Six episodes in, SouthLAnd isn’t letting up the pace: it’s only picking up speed.
Cop Or Not began with Lydia and Josie investigating a gruesome celebrity murder, while Cooper and Sherman and seemingly half the LAPD were forced to stand guard outside on a street full of celebrity addresses, warding off the paparazzi.
Cheo Hodari Coker delivered some of his finest writing in these scenes. He channeled his inner Tarantino by having the suspect, an actor, tell the detectives that he was starring in a Tony Scott remake of Shogun Assassin, and was being trained by Sonny Chiba. As a devoted believer in the fact that True Romance is the greatest movie ever made, I couldn’t help but love this. Sonny Chiba and Snoop Dogg references aside, this storyline was brutal, laying bare the dark glitz of Los Angeles, and showing us the reality of being a cop in the capital city of Celebrity. Cop Or Not was also notable for addressing the issue of Cooper’s sexuality for the first time since he came out to Ben: it did so in the subtlest way possible, just a brief shot of Cooper getting out of bed, leaving the man he’d spent the night with. The scene followed the SouthLAnd creed: no more, no less than necessary.
It was a strong, fast-moving episode. It hit the streets and ran hard, like Sammy in pursuit of his revenge.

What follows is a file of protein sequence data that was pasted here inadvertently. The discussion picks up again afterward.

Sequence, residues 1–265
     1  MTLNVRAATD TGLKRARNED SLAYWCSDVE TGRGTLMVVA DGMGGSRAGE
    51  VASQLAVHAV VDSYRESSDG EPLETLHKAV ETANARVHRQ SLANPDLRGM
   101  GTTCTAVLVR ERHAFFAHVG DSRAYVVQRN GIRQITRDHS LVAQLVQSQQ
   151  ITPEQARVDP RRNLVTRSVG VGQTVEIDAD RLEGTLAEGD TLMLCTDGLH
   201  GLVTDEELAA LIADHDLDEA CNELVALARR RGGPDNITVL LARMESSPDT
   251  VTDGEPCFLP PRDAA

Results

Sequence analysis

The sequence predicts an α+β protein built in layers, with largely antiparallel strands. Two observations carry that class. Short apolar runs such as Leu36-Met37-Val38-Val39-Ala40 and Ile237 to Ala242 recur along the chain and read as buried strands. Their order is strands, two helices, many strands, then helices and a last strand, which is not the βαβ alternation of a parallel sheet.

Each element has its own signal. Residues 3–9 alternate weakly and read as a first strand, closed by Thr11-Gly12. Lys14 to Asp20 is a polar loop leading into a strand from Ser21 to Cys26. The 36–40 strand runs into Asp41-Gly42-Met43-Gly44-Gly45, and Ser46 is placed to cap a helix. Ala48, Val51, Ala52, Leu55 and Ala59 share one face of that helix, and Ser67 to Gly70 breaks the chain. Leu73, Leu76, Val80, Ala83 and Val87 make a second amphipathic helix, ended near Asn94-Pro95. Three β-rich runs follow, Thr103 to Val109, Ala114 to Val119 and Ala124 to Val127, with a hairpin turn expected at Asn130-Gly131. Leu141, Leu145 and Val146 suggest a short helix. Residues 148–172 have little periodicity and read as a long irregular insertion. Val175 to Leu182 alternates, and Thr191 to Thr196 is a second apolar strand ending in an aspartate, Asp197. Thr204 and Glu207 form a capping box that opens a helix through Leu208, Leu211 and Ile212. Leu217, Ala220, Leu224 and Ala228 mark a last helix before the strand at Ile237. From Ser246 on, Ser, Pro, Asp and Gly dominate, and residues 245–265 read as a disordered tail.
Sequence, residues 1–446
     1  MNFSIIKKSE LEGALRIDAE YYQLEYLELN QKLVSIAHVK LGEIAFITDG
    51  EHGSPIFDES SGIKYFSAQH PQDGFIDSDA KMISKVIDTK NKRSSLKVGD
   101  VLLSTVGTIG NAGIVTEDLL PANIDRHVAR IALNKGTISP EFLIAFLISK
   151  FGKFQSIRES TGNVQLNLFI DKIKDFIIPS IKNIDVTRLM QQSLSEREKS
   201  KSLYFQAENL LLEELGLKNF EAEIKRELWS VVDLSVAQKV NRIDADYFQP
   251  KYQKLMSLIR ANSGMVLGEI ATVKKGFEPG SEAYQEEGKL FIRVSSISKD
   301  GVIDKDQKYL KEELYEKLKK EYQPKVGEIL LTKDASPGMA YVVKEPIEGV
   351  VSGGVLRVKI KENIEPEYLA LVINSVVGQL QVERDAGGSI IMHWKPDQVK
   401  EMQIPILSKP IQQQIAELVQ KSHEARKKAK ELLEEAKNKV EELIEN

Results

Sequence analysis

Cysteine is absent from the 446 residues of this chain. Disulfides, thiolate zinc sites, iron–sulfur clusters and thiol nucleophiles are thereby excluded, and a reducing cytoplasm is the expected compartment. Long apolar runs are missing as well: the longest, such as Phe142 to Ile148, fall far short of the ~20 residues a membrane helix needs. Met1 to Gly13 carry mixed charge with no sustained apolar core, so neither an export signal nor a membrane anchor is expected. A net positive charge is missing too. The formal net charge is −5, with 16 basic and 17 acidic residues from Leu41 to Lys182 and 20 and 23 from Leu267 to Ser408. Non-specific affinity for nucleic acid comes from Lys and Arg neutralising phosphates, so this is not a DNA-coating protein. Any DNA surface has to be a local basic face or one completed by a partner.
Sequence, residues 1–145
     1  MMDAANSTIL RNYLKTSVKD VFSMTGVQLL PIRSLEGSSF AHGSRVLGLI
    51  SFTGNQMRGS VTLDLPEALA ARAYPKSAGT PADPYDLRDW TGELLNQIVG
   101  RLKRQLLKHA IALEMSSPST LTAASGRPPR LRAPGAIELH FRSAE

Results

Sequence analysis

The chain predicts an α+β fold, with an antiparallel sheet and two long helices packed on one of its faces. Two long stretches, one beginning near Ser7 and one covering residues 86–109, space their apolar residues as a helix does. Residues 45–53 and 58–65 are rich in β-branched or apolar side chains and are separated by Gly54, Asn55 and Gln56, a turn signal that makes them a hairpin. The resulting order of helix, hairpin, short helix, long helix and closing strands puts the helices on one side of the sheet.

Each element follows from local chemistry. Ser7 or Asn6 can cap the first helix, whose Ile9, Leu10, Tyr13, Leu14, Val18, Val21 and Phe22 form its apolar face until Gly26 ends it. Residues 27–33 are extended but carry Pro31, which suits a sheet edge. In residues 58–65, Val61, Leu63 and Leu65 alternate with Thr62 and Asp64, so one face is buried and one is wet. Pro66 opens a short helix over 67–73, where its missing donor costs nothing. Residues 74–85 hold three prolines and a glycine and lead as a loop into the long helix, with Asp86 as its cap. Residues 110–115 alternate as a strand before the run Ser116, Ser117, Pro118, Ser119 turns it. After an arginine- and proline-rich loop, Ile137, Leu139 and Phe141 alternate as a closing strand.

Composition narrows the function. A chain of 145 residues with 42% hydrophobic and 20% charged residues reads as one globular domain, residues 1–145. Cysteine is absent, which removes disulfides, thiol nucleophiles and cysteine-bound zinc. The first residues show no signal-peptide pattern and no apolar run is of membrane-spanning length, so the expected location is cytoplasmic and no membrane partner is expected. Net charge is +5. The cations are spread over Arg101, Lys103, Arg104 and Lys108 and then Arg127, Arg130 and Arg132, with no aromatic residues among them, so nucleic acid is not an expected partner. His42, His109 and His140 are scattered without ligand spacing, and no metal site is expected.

“I’m back, m*therf*cker.”
There can be no doubt: this was Sammy’s episode, just as this is turning out to be Shawn Hatosy’s season.
From the early scene where Nate’s kid asks Sammy, “are you gonna get killed like my dad?”, it was clear that Cop Or Not was heading right into Sammy’s heart of darkness. As Sammy faced up to hitting the streets for the first time in six weeks in order to get the word out that he was back, we saw the terrible forces fighting inside him, thanks to Hatosy’s raw, De Niro-like stillness masking the struggle and conflict within. Or, as his ride-along partner put it, “you got that Sean Penn, crazy white boy thing going for you.”
When Sammy found out that he was the father of Tammi’s baby (“I’m the dad”), it was a gut-wrenchingly simple few moments that floored the viewer. You could feel the immensity of the emotions (finally knowing he was the father, knowing Nate wasn’t there to share the news). The sheer impact of this scene was thanks to the subtle artistry of three men: a typically tight and raw script from Coker, minimal, edgy direction from J.Michael Muro, and, of course, Shawn Hatosy’s acting: emotions roiling up from within, rippling across the surface as he struggled to contain them. Too much for one man; too much for the viewer.
By the time Sammy returned to the scene of Nate’s death, he couldn’t hold it together, and neither could we. When Sammy described the things Nate had taught him, as gangsters appeared on all sides, we felt the beauty and sadness of the things he was saying fighting against the dangerous volatility building fast. Sammy is a bad-ass detective, legendary on the force, but he was coming apart, coming undone; the forces of loss were breaking him. As he faced off against Nate’s killer, cops pulling up on all sides, the emotion overflowed. It was raw in the way that only SouthLAnd can be. “I ain’t goin’ anywhere,” Sammy promised the killer. We can only hope that’s true of Sammy, and of the show itself.